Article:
**Mollie's Research Blog**, and kindly contributed to R-bloggers)

The sleep data set—provided by the *datasets* package—shows the effects of two different drugs on ten patients. *Extra* is the increase in hours of sleep; *group* is the drug given, 1 or 2; and *ID* is the patient ID, 1 to 10.

I’ll be using this data set to show how to perform descriptive statistics of groups within a data set, when the data set is long (as opposed to wide).

First, we’ll need to load up the psych package. The datasets package containing our data is probably already loaded.

library(psych)

The **describe.by** function in the *psych* package is what does the magic for us here. It will group our data by a variable we give it, and output descriptive statistics for each of the groups.

> describe.by(sleep, sleep$group)

group: 1

var n mean sd median trimmed mad min max range skew kurtosis se

extra 1 10 0.75 1.79 0.35 0.68 1.56 -1.6 3.7 5.3 0.42 -1.30 0.57

group* 2 10 1.00 0.00 1.00 1.00 0.00 1.0 1.0 0.0 NaN NaN 0.00

ID* 3 10 5.50 3.03 5.50 5.50 3.71 1.0 10.0 9.0 0.00 -1.56 0.96

------------------------------------------------------------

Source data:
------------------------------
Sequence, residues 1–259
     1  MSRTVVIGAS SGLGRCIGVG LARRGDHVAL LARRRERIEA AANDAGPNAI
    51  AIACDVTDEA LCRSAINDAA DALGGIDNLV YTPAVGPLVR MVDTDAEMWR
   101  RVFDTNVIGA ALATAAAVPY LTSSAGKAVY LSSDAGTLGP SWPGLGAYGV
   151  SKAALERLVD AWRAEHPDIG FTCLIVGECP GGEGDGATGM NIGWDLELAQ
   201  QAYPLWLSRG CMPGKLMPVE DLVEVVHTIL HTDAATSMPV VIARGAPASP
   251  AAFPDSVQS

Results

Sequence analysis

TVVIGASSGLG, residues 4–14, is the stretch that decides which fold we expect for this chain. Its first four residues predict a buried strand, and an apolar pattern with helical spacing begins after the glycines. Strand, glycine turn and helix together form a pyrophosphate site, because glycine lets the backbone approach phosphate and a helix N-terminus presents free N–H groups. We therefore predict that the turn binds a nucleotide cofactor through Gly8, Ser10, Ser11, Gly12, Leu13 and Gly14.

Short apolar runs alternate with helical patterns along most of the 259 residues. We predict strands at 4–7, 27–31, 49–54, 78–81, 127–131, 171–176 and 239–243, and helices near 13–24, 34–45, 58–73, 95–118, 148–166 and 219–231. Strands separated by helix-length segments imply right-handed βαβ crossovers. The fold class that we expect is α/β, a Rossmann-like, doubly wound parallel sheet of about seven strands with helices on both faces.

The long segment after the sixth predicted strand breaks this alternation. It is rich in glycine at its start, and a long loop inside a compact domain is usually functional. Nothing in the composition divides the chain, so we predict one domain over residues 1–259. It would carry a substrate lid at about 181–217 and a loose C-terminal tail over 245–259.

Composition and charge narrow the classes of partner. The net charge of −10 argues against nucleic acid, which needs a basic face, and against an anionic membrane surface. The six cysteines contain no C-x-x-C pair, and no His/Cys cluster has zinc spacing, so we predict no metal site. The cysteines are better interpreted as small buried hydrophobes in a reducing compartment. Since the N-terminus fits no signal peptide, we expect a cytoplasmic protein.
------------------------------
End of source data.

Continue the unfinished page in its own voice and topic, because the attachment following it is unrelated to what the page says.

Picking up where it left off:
group: 2

var n mean sd median trimmed mad min max range skew kurtosis se

extra 1 10 2.33 2.00 1.75 2.24 2.45 -0.1 5.5 5.6 0.28 -1.66 0.63

group* 2 10 2.00 0.00 2.00 2.00 0.00 2.0 2.0 0.0 NaN NaN 0.00

ID* 3 10 5.50 3.03 5.50 5.50 3.71 1.0 10.0 9.0 0.00 -1.56 0.96

Of course, there are other ways to find the descriptive statistics of groups, and since you’ll probably be doing further analysis on the groups, and you may be splitting the whole data into subsets by groups, it may be easiest to just use describe on each subset. But that’s a topic for another post. And this is an easy way to quickly look at many groups, and a quick look is particularly essential for descriptive statistics.

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